Hanukkah is one of the holidays that more and more Israelis can relate to, and a poll carried out by Ynet and the Gesher Institute shows just how many.
The poll showed that 96% of the Jewish Israeli public light Hanukkah candles, 82% believe in miracles and 69% believe the Jews' resistance against foreign cultural influences is relevant today as well.
The Ynet-Gesher poll was conducted by the Panels research institute and included 500 respondents that constitute a representative sample of the adult Jewish population in Israel. The maximum margin of error was 4.5%.
Ninety-six percent of participants asked if they planned to light Hanukkah candles said yes, with 78% saying they would light candles on each of the holiday's eight nights.
Eighteen percent said they would light a candle on at least one of the nights, and 4% said they would not be lighting their menorah this year, agreeing with the statement: We don't care about the holiday.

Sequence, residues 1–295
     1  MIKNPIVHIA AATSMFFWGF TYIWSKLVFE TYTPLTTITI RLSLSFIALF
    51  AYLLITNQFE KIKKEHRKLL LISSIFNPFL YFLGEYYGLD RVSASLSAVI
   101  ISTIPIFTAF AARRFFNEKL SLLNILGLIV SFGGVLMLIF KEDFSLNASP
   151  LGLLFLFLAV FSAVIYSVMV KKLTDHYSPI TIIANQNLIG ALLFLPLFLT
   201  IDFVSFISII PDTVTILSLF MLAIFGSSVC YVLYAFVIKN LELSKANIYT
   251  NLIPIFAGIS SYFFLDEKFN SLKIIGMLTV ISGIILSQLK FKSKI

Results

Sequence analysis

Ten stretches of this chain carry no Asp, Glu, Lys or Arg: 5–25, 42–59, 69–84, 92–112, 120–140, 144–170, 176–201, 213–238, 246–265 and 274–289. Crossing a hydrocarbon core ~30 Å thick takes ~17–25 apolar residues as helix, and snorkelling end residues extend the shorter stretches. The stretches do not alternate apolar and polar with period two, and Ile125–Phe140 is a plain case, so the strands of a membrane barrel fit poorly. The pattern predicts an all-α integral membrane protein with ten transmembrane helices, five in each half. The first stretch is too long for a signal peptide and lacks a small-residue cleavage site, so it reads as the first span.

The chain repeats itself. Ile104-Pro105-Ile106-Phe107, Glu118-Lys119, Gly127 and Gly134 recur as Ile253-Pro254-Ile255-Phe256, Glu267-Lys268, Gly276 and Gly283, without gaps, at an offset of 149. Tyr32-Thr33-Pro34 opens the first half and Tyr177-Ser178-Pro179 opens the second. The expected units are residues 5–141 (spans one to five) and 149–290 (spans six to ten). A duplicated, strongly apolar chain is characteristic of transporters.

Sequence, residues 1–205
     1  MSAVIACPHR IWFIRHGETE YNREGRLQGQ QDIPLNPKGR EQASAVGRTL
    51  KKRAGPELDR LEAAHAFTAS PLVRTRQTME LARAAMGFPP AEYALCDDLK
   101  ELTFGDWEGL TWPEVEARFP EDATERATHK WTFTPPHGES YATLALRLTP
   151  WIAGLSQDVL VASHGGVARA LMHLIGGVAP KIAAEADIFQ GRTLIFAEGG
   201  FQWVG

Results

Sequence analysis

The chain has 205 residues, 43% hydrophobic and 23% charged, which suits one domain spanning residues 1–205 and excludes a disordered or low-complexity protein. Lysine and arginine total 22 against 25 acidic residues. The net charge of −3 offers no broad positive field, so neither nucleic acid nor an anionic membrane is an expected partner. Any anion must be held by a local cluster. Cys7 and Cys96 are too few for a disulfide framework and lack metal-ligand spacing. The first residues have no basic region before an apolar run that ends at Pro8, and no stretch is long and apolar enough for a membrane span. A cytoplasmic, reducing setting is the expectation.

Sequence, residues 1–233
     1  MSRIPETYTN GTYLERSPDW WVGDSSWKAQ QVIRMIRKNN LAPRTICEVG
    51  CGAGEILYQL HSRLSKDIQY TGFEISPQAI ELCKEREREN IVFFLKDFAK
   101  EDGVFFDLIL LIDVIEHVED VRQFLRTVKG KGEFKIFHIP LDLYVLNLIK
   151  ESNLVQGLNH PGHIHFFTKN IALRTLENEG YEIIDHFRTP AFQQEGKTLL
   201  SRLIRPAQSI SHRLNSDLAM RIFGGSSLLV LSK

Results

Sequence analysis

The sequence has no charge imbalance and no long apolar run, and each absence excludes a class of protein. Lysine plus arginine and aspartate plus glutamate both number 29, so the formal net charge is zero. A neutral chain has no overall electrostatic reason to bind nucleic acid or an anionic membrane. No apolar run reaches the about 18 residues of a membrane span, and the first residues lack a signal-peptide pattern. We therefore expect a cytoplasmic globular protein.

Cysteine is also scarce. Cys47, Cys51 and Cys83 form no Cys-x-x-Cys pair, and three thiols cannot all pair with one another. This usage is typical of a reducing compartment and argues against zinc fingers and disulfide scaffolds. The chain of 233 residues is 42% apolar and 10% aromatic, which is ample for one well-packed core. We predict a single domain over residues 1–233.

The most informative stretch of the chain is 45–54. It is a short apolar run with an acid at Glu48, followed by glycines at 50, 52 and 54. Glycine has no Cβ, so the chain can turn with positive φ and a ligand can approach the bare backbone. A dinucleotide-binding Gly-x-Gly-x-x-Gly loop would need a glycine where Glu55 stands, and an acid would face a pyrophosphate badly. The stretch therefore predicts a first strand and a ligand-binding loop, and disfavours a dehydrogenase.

Hanukkah is also known as the festival of miracles, with limited olive oil lasting seven days longer than expected, and the victory of the underdog Maccabees over the Seleucid Empire. But do Israelis still believe in miracles?
According to the poll, 82% said yes, and 41% said they have experienced miracles firsthand in the past, with 41% saying they were still waiting for their first miracle.
On the other hand, 18% said they agreed with the statement that the belief in miracles is a "primitive perception".
Gesher Institute Director Shoshi Becker said, "The findings show that Hanukkah is celebrated by all streams of the society, and many in Israel connect with it and its essence. Many see the miracle as the foundation of the holiday, and this is a strong message that has been passed on through the ages."